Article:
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My heart can’t contain the joy upon discovering the news that a couple of books in which I was involved have finally made it at London Book Fair 2019.

Though I’m childless, I can tell this feeling is slightly similar to what parents of a child feel when s/he discovers some news from teachers that his or her child has just made an achievement that deserves heartfelt praise and appreciation.

I’m by no means the instigator of both books but I’d been involved actively in the writing, translating and publishing process.

The first book is “KINTAMANI BALI DOG” (Anjing Kintamani Bali, 2016) in which I acted as one of the editors. Its author, Dewi S. Dewanto, is a lover of Indonesian native dog breed only found in Bali.

She keeps some Kintamani Bali dogs at home. One of them is named Foxy, a wolf-sized home dog that seems to be destined to protect its owner from potential threats, even that is from fellow humans like me.

I remember the  time when I paid Dewi a visit. Foxy couldn’t help sniffing at us the guests. She walked anxiously around me to find out whether I was a threat or not in the territory. With a dog this agile and protective, I bet no thief would ever come so close to the house. Unless s/he wants some deadly bites in the flesh.

Foxy, however, is really sweet when you have gotten her ‘sweet spot’. She just doesn’t mind any perils as long as she can defend her owner/ master.

Why is the book special?

I should say this is a must-have for Indonesian dog lovers. The book discusses everything the world needs to know about the dog breed that can only be found nowhere else but Bali, Indonesia. You’ll find a broad range of knowledge, from the origin of it to how to select puppies and take care of these fluffy-furred dogs.

The second book is different from “Kintamani Bali Dog”. While KBD is a nonfiction work, “Of Stars and Prayers” (2016) is a fiction work written by Wikan Satriati, my fellow editor, for child readers. As the author puts it, the book contains some short stories on prayers.

The book was first published in Indonesian in 2008 under the title “Gadis Kecil Penjaga Bintang: Tamsil tentang Doa untuk Anak dan Orangtua“. In 2016 Wikan made some revisions and published the book in English.

Below is Wikan’s testimony of my translation:

Terima kasih pula untuk Akhlis Purnomo yang mengerjakan sebagian besar penerjemahan buku ini secara sangat bagus: “Doa untuk Ayah-Bunda”, “Seorang Murid dan sebuah Batu”, “Kristal Bintang Jingga”, “Perjalanan Doa”, serta kelengkapan penerbitan lainnya.
(I would thank Akhlis Purnomo for his translating most of the book very well:”Doa untuk Ayah-Bunda” (Prayers for Mom and Dad), “Seorang Murid dan sebuah Batu” (A Student and a Rock), “Kristal Bintang Jingga” (The Prayer‘s Journey) and others.)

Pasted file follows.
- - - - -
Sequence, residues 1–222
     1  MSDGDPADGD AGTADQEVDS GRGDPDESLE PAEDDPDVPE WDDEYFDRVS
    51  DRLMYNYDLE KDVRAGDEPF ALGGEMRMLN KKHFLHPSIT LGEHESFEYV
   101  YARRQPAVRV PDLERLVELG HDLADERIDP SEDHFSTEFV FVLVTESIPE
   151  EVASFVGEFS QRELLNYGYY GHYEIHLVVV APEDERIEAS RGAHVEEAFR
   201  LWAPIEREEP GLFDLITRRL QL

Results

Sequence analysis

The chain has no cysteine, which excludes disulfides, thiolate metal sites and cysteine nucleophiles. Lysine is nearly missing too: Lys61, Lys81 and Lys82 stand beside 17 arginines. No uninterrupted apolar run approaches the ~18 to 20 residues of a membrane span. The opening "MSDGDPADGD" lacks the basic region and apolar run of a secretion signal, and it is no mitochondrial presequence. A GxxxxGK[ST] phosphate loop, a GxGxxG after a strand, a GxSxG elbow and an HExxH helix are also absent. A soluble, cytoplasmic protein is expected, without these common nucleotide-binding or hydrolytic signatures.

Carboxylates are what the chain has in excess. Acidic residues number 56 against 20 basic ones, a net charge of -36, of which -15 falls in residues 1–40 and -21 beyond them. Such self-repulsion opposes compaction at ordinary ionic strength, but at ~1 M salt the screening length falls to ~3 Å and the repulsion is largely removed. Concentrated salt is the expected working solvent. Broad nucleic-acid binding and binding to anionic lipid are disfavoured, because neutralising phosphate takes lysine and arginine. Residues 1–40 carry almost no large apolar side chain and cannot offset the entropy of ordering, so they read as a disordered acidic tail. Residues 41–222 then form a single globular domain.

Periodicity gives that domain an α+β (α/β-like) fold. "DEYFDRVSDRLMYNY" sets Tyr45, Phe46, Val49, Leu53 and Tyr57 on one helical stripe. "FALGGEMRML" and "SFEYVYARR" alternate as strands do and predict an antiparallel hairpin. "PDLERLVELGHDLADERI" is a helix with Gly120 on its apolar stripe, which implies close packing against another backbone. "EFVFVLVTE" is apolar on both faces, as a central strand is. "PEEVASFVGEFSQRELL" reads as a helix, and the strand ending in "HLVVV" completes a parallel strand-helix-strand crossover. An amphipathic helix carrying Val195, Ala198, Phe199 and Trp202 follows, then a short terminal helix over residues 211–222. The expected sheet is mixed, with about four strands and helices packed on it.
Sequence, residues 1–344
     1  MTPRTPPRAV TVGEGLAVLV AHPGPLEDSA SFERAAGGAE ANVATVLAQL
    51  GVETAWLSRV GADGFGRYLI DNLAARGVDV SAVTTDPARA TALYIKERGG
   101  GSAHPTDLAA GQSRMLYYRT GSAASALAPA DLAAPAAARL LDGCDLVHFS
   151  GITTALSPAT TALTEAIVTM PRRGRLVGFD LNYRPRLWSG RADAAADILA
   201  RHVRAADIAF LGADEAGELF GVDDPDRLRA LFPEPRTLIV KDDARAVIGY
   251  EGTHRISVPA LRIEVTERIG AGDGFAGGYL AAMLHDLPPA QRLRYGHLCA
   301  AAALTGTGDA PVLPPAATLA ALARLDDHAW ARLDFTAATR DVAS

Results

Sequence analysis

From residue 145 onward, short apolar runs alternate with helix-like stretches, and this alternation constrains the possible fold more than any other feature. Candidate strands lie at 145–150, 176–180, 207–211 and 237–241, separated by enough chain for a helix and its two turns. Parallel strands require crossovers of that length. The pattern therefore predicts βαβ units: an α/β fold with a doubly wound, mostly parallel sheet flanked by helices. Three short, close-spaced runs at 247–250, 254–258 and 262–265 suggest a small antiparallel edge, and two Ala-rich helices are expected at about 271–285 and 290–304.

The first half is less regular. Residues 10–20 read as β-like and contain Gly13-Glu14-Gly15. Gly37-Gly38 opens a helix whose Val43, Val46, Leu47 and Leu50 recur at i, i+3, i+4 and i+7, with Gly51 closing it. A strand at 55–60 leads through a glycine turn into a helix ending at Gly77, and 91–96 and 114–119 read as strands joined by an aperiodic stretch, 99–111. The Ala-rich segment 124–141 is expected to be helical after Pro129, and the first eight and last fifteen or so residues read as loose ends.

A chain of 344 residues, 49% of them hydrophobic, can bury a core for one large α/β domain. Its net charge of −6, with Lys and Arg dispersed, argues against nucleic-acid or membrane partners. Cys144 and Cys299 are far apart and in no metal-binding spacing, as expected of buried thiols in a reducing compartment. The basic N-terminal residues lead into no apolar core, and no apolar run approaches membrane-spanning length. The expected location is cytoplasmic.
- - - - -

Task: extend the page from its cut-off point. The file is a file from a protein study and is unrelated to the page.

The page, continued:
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Both books are proof of my contribution to the Indonesian literary translation, which is in increasing demand as the global audience wants more diversity.

I am always looking forward to other opportunities of translating Indonesian authors’ books to be translated into English so more readers around the globe can enjoy stories from Indonesia.

If you’re an Indonesian author searching for an English-Indonesian translator, I’d love to work together to make your works known to global readership. (*/)

Losing Mentors

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They’re like Papa to me. (Source: Wikimedia Commons)

I am in grief. It took me around an entire month to discover the fact that one of my mentors I look up to passed away. Blame it on my digital news diet.

I was just googling and suddenly I stumbled upon a flyer showing condolence of Nukman Luthfie’s passing. Still in utter disbelief, I googled once again, trying to make sure it wasn’t hoax or a hideous joke that some irresponsible person was uploading on to Twitter.

I took to Instagram and found that his Instagram account was updated on the end of January 2019. This was a little bit unusual because he was always updating frequently. He was a social media maven and digital pundit of the country, so it was a bit suspicious when he stopped uploading fresh content for a too long time.

So I found condolence remarks on his passing here and there on Twitter and Instagram, two social media services he was actively engaged in.

Stroke killed him, which is quite a shock. He looked robust at 52 and didn’t show any signs of major health deterioration. Certainly, I was a little concerned to see him snacking on fried cassava and coffee as early breakfast but he just looked okay and highly functional.

He was impressively helpful. I recall the time when I asked for his willingness to get included in my referer list. I was about to submit a form as a social media speaker and because he was someone in the social media realm and he knew me well, I thought he was the best person to ask for reference. And he said yes immediately. What touched my heart even more is that he still remembered where I used to work and asked what I was up to at the time. Very cordial and sweet.